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She got to school later than I did.
She got to school latter than I did.

Later refers to time. Latter refers to order and means the second of two things just mentioned: Alexandria and Cairo are large cities. The latter has a population of over a million. The opposite of latter is former.

I was sorry to hear of her death.
I was angry to hear of her death.

Sorry is the opposite of glad. Angry means annoyed or enraged: He was angry when a boy hit him in the face.

Look at that dog across the street!
Look at this dog across the street!

This is used to indicate something physically close to the speaker. In the case of abstract things we use this for things which are most immediately present. This is a lovely song! I'll help you do it this time. When we talk about more than one thing we use this for the closer or more immediate and that for the further away or more remote in time. If we're only talking about one thing we usually use that: What's that noise? That's a nice coat! Don't do that!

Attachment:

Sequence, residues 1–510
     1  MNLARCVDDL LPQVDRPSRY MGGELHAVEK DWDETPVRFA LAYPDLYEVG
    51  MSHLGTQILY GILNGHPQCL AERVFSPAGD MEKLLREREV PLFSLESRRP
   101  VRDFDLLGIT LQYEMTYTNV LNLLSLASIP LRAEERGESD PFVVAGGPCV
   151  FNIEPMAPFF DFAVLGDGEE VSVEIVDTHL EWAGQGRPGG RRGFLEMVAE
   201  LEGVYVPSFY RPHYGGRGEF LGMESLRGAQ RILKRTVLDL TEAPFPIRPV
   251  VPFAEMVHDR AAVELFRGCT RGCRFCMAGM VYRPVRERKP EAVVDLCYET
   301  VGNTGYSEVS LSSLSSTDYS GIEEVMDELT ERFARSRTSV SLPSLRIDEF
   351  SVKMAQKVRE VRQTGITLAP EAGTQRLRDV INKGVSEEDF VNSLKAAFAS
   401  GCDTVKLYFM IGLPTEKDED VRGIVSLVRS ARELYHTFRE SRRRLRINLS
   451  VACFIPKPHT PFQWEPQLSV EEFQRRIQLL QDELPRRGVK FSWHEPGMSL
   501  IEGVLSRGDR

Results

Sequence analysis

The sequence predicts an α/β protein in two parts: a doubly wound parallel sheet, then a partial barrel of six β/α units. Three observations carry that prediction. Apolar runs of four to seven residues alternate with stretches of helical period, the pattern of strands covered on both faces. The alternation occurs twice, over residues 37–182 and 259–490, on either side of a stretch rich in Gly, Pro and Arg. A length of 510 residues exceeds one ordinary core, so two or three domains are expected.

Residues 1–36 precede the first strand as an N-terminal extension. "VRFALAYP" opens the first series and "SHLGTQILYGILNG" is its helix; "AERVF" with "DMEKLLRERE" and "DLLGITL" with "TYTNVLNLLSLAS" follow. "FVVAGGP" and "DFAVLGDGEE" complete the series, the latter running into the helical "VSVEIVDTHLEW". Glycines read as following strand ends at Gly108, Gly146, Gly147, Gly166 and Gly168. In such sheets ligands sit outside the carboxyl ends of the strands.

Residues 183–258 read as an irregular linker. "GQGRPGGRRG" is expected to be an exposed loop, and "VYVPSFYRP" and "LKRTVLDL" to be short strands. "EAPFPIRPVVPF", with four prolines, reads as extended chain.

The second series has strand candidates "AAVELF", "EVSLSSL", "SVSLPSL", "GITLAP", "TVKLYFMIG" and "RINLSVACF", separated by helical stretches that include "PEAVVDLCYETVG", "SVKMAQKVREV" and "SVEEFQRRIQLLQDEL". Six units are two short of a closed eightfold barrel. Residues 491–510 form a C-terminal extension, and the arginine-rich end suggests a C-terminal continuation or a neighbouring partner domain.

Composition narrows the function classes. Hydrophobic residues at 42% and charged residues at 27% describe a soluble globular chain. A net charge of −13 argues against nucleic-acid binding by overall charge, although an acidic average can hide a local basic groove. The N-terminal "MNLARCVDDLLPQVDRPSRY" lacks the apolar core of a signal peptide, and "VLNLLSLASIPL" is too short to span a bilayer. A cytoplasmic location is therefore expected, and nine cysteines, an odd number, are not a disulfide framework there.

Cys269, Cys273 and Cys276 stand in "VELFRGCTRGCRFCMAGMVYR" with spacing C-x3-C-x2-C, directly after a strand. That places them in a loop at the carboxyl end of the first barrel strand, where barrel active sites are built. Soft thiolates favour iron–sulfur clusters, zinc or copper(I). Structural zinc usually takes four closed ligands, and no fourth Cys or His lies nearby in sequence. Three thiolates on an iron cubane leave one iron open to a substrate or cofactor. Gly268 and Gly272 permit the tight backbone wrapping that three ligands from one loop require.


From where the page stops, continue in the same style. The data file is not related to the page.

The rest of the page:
I've read an interested story.
I've read an interesting story
Are you interesting in your work?
Are you interested in your work?

Interesting refers to the thing which arouses interest, while interested refers to the person who takes an interest in the thing.

She gave an apple to each of the children.
She gave an apple to every of the children.
Every child had an apple.
Each child had an apple.

Use each for one of two or more things, taken one by one. Never use every for two, but always for more than two things, taken as a group. Each is more individual and specific, but every is the more emphatic word.

Each and every are always singular: Each (or every) one of the twenty boys has a book.

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